People call this a “diabolical doctrine,” because it seems to make God sound totally arbitrary and even cruel, like a capricious tyrant lounging on heaven’s throne carelessly circling people’s names in the world’s telephone as he watches the Super Bowl on TV. That’s not how Paul pictures God. If you want to see God electing us, says Paul, see the Father sending the Son to the cross. Our election cost God dearly, because he chose us “in Christ.” God’s election was costly and sacrificial.
Why would God do such a thing? Why would God sacrifice his Son for a bunch of corpses (Eph. 2:1ff) who killed themselves (Gen. 3). Why didn’t he just whistle his way past the graveyard and leave every single one of us dead? Why would God elect anyone? Paul has a one word answer—love, agape, love for sinners, which by another name is grace. “In love God predestined us to be adopted as his children through Jesus Christ, in accordance with his pleasure and will….” Why did God do this? Because he is gracious and it gives him great delight to save sinners. What wondrous love is this! We could say more, trying to explain the mystery of God’s electing love. But I think it is best to leave it where Paul does—not with explanation, but with doxology. “Praise be….”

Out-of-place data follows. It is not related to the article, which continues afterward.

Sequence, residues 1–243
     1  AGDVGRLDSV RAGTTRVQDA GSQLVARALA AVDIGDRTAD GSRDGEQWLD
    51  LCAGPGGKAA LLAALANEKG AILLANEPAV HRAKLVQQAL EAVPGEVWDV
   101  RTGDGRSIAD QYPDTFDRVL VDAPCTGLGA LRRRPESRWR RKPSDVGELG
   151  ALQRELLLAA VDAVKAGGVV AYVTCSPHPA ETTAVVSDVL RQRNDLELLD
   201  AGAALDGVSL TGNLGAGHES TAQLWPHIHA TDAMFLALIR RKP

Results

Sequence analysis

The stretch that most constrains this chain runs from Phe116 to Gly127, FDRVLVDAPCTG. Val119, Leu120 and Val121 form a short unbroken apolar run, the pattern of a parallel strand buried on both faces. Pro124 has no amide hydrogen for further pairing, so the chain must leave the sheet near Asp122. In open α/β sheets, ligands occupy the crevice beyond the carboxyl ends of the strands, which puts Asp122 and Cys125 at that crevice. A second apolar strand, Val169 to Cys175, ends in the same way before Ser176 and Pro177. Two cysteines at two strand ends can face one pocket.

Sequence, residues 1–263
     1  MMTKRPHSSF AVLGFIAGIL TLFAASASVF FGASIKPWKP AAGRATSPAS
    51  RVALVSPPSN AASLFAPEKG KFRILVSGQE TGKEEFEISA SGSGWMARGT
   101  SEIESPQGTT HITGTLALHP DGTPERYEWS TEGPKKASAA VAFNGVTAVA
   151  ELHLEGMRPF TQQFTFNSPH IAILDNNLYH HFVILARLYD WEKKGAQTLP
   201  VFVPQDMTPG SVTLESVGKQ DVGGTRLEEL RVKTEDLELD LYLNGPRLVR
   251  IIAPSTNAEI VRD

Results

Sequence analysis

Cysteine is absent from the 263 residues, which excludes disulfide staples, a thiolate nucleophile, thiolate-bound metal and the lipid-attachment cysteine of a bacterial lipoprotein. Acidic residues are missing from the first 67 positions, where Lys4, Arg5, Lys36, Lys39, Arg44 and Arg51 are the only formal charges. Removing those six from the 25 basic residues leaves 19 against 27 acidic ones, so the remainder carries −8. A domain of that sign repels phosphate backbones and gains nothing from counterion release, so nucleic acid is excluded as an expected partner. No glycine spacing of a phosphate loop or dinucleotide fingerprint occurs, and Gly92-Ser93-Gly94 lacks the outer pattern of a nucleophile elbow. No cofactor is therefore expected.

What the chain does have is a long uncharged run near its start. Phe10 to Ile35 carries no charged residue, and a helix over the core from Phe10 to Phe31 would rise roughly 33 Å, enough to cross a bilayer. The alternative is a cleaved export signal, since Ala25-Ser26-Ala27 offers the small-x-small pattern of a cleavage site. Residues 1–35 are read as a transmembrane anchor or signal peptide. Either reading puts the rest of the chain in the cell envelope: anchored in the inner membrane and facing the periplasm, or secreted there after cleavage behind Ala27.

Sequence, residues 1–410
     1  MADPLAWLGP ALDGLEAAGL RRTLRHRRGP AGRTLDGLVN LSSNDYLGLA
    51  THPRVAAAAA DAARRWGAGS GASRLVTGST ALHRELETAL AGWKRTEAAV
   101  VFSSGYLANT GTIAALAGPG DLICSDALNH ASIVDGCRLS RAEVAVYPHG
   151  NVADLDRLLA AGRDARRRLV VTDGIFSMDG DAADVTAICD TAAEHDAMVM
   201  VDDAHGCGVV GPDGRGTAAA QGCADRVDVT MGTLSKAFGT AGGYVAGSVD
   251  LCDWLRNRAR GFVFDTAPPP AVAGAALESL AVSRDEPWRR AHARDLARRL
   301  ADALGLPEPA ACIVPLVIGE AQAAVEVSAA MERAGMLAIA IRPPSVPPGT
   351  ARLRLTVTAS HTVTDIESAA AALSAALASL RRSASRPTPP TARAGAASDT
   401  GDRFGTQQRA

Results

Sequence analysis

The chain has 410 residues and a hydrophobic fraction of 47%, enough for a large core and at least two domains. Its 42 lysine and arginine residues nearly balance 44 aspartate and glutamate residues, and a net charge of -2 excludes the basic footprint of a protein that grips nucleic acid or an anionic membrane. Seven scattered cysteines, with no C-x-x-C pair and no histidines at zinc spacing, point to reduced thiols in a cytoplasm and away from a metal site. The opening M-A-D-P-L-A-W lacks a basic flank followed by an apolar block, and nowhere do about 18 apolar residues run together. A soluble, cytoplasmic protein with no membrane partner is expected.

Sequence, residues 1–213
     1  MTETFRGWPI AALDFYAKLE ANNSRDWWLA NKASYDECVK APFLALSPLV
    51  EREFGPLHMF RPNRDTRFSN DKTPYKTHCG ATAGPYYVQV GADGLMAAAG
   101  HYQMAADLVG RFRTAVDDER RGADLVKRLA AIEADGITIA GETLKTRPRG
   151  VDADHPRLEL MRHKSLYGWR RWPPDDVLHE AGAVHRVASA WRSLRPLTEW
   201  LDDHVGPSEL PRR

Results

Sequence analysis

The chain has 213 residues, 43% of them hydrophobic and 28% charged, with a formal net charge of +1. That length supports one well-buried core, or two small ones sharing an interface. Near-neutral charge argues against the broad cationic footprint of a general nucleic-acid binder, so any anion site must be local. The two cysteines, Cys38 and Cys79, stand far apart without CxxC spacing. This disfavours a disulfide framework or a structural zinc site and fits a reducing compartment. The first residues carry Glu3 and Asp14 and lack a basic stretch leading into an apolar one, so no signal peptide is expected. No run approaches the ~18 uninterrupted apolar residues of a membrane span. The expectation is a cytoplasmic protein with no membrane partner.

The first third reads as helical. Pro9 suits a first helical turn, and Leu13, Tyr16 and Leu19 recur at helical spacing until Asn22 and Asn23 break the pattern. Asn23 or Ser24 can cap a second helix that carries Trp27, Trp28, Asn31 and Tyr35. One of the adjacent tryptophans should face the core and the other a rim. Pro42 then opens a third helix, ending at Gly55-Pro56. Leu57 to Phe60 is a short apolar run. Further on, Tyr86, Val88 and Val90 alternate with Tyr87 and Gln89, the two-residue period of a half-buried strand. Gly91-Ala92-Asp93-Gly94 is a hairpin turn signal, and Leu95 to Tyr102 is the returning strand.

Now let‘s think a bit about the most comforting blessing—redemption. Reflecting on his long years as a POW in Vietnam and on his career as a politician, John McCain said in an interview with Time, “I haven’t always succeeded; I’ve failed many times. But because the foundation of my belief is redemption, I’ve been able to receive additional comfort, strength, and the desire to move forward.” Redemption is the foundation, the very center of all our blessings in Christ.